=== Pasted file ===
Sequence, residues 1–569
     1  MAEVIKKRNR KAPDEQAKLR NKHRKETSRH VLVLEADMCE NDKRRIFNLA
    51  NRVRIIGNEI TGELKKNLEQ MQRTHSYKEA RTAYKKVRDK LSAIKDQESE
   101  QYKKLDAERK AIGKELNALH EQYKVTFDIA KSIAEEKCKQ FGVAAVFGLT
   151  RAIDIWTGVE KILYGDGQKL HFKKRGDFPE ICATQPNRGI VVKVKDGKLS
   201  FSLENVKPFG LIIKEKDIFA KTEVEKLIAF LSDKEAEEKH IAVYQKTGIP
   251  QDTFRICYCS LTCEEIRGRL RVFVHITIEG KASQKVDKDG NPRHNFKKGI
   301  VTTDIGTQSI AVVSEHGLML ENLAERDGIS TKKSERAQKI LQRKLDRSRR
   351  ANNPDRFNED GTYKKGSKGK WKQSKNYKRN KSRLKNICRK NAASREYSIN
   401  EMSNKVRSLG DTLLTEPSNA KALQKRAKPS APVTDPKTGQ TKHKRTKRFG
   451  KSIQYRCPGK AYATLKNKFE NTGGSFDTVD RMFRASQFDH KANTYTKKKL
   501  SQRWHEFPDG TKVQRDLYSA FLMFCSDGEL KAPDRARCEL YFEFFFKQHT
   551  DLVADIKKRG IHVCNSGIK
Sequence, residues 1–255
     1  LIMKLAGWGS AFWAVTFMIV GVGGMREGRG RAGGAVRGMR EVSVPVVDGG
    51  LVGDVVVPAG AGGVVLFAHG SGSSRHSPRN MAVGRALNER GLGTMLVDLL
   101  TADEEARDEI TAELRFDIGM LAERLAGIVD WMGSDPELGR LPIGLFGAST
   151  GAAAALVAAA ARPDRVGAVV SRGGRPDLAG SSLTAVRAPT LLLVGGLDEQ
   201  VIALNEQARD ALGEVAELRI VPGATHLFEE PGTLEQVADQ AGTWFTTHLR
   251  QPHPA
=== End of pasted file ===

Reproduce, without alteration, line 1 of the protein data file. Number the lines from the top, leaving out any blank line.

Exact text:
Sequence, residues 1–569